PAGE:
|Yellow to orange/yellow crystalline powd
|VITAMIN B2 (Riboflavin). Some earlier designations for this substance included vitamin G, lactoflavin, hepatoflavin, ovoflavin, verdoflavin. The chemical name is 6,7-dimethyl-9-d-l’ribityl isolloxazine. Riboflavin is a complex pigment with a green fluorescence.
|Vitamin B2 (riboflavin) is produced by yeast from glucose, urea, and mineral salts in an aerobic fermentation.
|Nutritional factor found in milk, eggs, malted barley, liver, kidney, heart, leafy vegetables. Richest natural source is yeast. Minute amounts present in all plant and animal cells. Vitamin (enzyme cofactor).
|Vitamin B2; Vitamin cofactor; LD50(rat) 560 mg/kg ip
|riboflavin (Vitamin B2) is used in skin care preparations as an emollient. It can be found in sun care products as a suntan enhancer. Medicinally, it is used for the treatment of skin lesions.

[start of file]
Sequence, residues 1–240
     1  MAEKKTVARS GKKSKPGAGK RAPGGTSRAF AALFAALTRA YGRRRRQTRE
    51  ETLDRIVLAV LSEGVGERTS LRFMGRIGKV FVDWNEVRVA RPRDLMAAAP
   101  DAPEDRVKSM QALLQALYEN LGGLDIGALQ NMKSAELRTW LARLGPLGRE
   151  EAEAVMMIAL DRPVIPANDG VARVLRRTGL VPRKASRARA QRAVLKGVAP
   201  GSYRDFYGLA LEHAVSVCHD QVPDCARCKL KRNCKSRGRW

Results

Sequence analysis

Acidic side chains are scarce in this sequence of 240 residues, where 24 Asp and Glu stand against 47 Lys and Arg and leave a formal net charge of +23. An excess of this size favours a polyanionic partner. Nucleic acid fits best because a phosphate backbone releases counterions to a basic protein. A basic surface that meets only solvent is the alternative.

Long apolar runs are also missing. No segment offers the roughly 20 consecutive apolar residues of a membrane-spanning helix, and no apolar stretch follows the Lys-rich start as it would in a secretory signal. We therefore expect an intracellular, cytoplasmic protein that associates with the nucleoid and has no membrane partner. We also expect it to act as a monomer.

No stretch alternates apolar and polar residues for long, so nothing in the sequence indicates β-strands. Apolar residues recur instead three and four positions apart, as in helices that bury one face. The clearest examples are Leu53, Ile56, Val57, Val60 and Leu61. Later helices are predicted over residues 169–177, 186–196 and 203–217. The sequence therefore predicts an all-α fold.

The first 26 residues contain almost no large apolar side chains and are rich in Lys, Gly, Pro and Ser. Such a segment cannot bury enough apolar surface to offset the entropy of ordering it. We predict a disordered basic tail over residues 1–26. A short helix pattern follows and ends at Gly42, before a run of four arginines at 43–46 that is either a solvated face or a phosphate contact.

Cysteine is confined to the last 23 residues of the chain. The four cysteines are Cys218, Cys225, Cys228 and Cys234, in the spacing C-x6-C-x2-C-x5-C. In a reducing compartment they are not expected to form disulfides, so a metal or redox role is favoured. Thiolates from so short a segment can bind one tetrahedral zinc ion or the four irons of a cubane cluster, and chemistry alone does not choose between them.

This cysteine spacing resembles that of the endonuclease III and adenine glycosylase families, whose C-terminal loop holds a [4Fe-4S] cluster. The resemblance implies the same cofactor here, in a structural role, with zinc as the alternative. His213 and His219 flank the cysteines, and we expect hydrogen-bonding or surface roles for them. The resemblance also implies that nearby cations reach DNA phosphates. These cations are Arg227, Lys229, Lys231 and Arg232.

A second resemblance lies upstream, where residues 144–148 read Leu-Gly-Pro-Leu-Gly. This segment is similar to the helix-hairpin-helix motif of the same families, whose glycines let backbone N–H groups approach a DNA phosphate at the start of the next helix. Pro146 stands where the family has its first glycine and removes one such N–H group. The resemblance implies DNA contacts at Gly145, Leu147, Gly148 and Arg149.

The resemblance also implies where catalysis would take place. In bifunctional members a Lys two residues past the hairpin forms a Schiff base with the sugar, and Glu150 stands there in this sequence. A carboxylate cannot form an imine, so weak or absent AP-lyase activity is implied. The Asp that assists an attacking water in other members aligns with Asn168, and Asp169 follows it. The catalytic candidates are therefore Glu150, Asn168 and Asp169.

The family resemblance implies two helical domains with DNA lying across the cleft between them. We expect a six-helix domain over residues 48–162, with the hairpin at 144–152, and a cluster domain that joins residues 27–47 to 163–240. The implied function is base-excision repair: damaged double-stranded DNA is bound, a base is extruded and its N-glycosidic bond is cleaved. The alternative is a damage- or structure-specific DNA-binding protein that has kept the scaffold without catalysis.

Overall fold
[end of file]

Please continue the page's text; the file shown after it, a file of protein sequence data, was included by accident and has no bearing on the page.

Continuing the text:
|Riboflavin is the water-soluble vitamin b2 required for healthy skin and the building and maintaining of body tissues. it is a yellow to orange-yellow crystalline powder. it acts as a coenzyme and carrier of hydrogen. it is stable to heat but may dissolve and be lost in cooking water. it is relatively stable to storage. sources include leafy vegetables, cheese, eggs, and milk.
|ChEBI: D-Ribitol in which the hydroxy group at position 5 is substituted by a 7,8-dimethyl-2,4-dioxo-3,4-dihydrobenzo[g]pteridin-10(2H)-yl moiety. It is a nutritional factor found in milk, eggs, malted barley, liver, kidney, heart, and leafy vege ables, but the richest natural source is yeast. The free form occurs only in the retina of the eye, in whey, and in urine; its principal forms in tissues and cells are as flavin mononucleotide and flavin-adenine dinucleotide.